“Loyd I have tried tough love and it did not work.”

Such was the frustrated, emotional exclamation of an 83 year old business owner trying to deal with a 58 year old son who was apparently acting like a teenager. According to the explanation, irrespective of pleads by his parents who were technically in control of the business, the son would spend from the family’s business on his personal desires and wants. Based upon the dad’s description, the son stepped across the line one day and could not tell the difference between the reasonable and the ridiculous.

“His mother and I need him to attend to us and if he abandons us due to our tough love like he has done in the past, we pay the price for his indiscretions. I don’t care about him spending money, I just want him to ask me before he spends it.”

Another opportunity for AskLoyd@RawlsGroup.com; how do I control my son when tough love will not work?

There are two issues here. “Tough love” is challenging because it is generally tougher on the giver than the receiver! The receiver (son) is used to “life in the stress lane” and frequently tries to trade peace and harmony for impulsive needs and wants. It’s a real bummer to go out on a limb to help a love-one because often times what happens is you become spotlighted as a control. On the other hand, it’s demoralizing to be attacked and isolated by someone who takes the “blame-game” to Olympic performance levels. There is truly no sense in attempting to give tough love if you are unable to stay the course until the desired adaptive behavior is achieved. 

As I considered my clients situation I expressed,

“Based upon the circumstances I assume that you have no other children who could help with accountability and you are unable or unwilling to step back into the business and put a halt to your perception of financial non-sense. Additionally, neither your security nor life style is at risk by your son’s behavior. With this foundation, I recommend: don’t sweat the small stuff.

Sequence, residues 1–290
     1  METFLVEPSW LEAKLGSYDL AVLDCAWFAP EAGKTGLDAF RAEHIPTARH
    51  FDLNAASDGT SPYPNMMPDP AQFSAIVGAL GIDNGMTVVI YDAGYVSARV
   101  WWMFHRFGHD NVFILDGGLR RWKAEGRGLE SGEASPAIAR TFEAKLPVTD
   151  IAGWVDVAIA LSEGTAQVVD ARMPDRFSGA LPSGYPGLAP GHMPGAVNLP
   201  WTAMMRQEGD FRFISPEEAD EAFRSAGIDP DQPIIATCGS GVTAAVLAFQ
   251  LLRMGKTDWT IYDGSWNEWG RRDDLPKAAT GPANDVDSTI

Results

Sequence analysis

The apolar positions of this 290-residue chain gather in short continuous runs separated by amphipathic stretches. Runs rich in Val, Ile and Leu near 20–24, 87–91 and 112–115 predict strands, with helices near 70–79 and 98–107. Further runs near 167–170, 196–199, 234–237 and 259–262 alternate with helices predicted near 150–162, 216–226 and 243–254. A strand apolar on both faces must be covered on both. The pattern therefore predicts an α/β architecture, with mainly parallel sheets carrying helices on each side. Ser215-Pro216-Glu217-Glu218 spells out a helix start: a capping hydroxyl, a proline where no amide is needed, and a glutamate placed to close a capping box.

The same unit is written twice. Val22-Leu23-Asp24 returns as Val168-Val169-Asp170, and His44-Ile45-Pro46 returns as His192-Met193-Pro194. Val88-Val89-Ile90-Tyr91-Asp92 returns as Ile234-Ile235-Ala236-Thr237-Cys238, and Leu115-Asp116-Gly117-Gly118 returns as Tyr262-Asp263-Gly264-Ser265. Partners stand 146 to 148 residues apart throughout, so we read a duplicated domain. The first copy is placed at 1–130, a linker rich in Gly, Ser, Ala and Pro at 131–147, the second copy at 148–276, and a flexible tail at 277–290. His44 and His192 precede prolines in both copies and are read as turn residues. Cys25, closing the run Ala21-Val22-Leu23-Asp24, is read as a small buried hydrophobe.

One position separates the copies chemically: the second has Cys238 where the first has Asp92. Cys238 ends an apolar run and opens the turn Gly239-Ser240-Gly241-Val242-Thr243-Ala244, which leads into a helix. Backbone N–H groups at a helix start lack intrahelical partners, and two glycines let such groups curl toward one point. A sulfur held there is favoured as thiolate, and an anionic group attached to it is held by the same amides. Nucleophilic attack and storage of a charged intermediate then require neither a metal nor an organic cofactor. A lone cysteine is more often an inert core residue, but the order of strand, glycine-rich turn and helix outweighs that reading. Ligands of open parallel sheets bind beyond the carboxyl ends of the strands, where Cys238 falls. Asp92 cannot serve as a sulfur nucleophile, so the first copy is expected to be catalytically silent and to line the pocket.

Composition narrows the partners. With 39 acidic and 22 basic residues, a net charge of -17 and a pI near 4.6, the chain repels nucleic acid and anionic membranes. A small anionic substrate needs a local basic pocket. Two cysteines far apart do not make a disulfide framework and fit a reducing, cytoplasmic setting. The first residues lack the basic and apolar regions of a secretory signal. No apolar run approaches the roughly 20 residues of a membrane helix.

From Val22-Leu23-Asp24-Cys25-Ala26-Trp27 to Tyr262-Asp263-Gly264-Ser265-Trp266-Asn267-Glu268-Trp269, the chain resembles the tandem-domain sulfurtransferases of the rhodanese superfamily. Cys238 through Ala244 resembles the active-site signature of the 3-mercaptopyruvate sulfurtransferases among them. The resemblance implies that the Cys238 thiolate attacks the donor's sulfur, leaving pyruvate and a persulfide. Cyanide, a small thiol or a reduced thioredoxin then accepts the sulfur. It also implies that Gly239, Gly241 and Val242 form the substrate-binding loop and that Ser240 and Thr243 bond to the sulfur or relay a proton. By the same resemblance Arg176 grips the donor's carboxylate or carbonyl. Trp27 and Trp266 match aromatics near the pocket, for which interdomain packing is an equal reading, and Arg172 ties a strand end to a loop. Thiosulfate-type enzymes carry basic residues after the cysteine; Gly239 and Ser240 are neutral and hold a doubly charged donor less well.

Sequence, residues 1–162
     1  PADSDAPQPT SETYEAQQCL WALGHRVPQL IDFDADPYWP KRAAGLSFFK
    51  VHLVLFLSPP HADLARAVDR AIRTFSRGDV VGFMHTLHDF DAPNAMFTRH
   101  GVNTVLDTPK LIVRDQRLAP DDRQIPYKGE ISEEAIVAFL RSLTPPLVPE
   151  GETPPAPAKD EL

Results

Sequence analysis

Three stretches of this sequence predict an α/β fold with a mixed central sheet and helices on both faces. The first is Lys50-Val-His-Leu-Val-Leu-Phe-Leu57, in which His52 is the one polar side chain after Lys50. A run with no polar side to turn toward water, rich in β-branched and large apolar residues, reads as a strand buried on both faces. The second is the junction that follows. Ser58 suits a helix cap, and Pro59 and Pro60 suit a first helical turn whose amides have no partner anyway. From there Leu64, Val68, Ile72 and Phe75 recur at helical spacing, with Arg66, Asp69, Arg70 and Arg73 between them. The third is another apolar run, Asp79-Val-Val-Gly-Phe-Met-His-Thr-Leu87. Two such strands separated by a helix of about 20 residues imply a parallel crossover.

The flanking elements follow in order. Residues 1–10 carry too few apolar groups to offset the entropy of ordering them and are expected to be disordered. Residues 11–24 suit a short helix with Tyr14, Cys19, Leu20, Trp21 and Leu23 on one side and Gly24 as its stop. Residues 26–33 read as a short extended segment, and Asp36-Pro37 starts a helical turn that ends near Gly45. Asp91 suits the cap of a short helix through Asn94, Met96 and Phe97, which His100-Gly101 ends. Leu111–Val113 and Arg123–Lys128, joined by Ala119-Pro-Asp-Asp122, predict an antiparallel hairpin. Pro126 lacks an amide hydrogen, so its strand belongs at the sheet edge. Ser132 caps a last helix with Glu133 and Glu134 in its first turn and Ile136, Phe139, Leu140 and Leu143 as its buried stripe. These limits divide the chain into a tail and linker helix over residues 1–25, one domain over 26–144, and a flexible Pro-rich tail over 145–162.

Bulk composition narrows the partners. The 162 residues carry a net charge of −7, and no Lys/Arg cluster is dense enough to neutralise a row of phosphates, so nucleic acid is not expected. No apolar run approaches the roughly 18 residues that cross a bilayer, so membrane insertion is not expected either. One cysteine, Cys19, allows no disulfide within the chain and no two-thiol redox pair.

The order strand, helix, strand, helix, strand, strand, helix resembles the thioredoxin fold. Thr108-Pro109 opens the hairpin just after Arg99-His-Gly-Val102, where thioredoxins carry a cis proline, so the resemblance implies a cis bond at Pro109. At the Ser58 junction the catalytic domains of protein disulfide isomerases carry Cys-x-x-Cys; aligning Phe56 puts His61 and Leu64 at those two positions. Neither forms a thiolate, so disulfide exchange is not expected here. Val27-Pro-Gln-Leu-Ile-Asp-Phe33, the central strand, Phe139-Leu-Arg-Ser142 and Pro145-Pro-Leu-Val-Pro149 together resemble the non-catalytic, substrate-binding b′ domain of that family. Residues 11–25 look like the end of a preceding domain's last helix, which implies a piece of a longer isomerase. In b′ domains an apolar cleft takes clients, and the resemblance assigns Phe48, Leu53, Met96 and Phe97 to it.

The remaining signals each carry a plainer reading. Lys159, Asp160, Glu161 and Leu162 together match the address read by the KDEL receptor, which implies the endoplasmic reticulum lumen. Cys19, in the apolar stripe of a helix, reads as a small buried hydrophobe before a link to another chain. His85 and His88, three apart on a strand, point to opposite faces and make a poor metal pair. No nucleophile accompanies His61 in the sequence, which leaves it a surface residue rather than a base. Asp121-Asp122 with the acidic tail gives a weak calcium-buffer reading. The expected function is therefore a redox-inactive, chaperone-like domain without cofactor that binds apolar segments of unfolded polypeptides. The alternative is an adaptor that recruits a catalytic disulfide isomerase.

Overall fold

As long as your son has not lost his marbles or is not under the influence of something bad, recognize the futility of your position and add credence to my credo “there is no business gain worth a family price.” Advise your son that you have expressed your feelings and priorities but you are not going to let disagreements over business management impair what father-son relationship you have remaining. Then as humbly and unemotionally as possible follow with a statement that your perception of his business judgment will determine how your estate will be structured. In other words, “I’ll shut up (knowing I really have no other recourse) but when it comes to determining your access to the “mother-load” I am going to take your current behavior into consideration.”

Then let the chips fall where they may  recognizing that although you love your son, you have a stewardship responsibility not to hand over direct control of the remainder of your estate to a self indulgent, child and discipline in business is about as good a test as circumstances can provide.  

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